Culture //

Drunk driving and other civil liberties

Lucy Watson went gay clubbing in Texas and lived to tell the tale

In anticipation of crossing the border into Texas, we all bought trucker caps. Cruising down highway 84, we pass Texico, New Mexico, and then: Welcome to Texas. A billboard condemns Obama; yep, we’re definitely in Texas now.

After a few wrong turns, we arrive at our hotel in Lubbock, TX. I’d done my research, and found a gay bar on Buddy Holly Ave. Sounds cute, right? We get the hotel to call us a cab, and wait outside. Our driver, Robyn, tells us about her grandson, born today. “He’s got a good ol’ fashioned Texas name: Jimmie Rae,” she tells us. “A Texas name with New Mexico spelling, you see, it’s Jimmie with an i-e.” She goes on to tell us about the daughter-in-law’s miscarriage last year, and recommend that if we want some real fun in Texas, skip Austin and head straight for Dallas. “Oh, there’s so many dance bars there, y’all just have the best time in Dallas!”

She drops us off on Buddy Holly Ave, giving us her number so we can get her to pick us up later. “And if I’m out on a run, I’ll just get my husband to come get y’all!” After a large dinner, in which the barmaid confused bourbon and whiskey and we were all full after the sides, we head down the road to Heaven, Lubbock TX’s only gay bar.

There’s one block of clubs on Buddy Holly Ave, Lubbock TX. Each club has its own car park, and each club’s music spills onto the street. Heaven is not on this one block. It’s only one block down, but separated from the other clubs by huge industrial buildings. The club’s logo features a sexualised female angel. Dylan turns to me: “are you sure this is a gay bar and not a strip joint?” I’m not sure. What if it was a strip joint? As we approach the industrial tin shed building, the outside patio becomes visible. The men up there are definitely gay, it’s fine.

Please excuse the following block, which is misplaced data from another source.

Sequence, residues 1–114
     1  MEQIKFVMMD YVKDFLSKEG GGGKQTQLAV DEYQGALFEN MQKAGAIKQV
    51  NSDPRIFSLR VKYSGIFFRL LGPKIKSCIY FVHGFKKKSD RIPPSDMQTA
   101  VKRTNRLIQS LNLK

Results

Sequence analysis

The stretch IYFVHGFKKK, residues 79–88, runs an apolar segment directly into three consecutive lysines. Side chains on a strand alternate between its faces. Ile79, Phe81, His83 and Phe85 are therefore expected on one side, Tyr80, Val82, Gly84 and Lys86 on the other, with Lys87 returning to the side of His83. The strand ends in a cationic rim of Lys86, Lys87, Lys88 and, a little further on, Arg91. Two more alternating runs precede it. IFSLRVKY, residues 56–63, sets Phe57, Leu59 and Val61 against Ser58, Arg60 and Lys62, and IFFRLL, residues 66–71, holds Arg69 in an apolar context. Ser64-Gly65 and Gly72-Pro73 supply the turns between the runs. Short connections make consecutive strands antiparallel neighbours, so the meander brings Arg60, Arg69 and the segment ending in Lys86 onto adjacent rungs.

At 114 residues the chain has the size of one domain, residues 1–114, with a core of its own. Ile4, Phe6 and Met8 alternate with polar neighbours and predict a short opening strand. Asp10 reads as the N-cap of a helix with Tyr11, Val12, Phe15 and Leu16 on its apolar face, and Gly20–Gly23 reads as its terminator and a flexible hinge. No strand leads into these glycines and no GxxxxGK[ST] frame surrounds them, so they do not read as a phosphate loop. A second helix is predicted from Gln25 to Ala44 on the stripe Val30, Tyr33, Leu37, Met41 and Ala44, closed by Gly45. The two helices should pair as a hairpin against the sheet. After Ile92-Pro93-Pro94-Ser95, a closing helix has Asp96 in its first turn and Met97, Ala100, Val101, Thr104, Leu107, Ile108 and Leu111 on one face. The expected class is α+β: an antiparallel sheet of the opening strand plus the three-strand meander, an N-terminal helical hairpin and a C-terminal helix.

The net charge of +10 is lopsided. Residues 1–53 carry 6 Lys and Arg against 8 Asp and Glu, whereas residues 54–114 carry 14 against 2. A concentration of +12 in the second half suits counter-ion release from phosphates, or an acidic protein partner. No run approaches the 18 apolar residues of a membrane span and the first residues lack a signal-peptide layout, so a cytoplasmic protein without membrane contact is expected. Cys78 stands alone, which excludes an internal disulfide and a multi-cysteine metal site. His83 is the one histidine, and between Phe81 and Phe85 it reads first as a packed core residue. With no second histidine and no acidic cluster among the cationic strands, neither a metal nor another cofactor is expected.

We pay our entry and head into a cavernous room, lit with blue light, poles adorning the border of the dancefloor. The bar is a congregation of all the types – the baby dykes who look like they definitely used fake ID, the older gay men in their crisp polo shirts, the twinks in early 2000s boy band getup, the bears, the fag hags, the sassy drag queens, and of course, the backwards-capped-frat-boy from “New York-fucken’-City!” who now lives in Lubbock “because my boss pays me a shitload to live in this freakin’ dump,” and is at Heaven because it’s the only place he’s likely to score some coke in “Lubbock-freaken-Texas!”

We take a seat on the patio, and frat-boy soon joins us. He’s shouting about drugs, and shots, and New York, and Lubbock-freaking-Texas, and we’re quickly bored. He attempts to grab the attention  of one of the drag queens: “Hey! Lady!” she turns, looks him up, then down, and just wags her finger at him. “No,” she mouths, and turns away. Frat-boy looks dejected and turns back to us. I finally shake him off by convincing him that the two fag-hags in the corner are dying to do shots with him. “Shots! Shots! Shots!” he cheers as he leaves. We watch a guy in a fluoro mesh singlet brave the pole, but I’m pretty bored. The gay bar in Phoenix was cheaper ($3.50 for a vodka? Take your sky-high prices elsewhere, thank you) and had better music.

We leave, assuming that a cab is not a difficult thing to get on a Saturday night. We were wrong. Drunk drivers are speeding past in all directions – DUI laws are an infringement of civil liberties after all, and Texas is truly the land of the free – and now we’ve left the safety zone, shouts of “fucking dykes!” are echoing around us. We eventually head into a bar and get them to call us a cab.

“Aussies?!” The cabbie shouts at us. It’s clear he’s drunk too. “Are you the Aussies Robyn picked up earlier?!” I guess not many people visit Lubbock, TX. He gets Robyn on the radio. “Hey y’all! I realised y’all might not have a phone to call me on, so I did a few laps to see if I could see y’all to take y’all home!” As our current driver swerves into another lane, we’re all wishing we’d seen when Robyn was doing one of her laps.

The driver uses his elbows to drive, so he can more freely gesticulate in his conversation with us. He’s horrified we’re headed to Austin next day. “Austin?! Why would y’all go there?! Nah, San Antonio is where it’s at! It’s so much fun there! It’s like the Convention Centre capital of the world! Texas’ own Vegas!” He swerves back into our original lane. We politely agree that San Antonio sounds ‘great’.

When we make it back to the hotel, I’m genuinely surprised we’re still alive. As we walk down the corridor toward our room, I nod to the drag queens down the hall.

They’re not from here, either.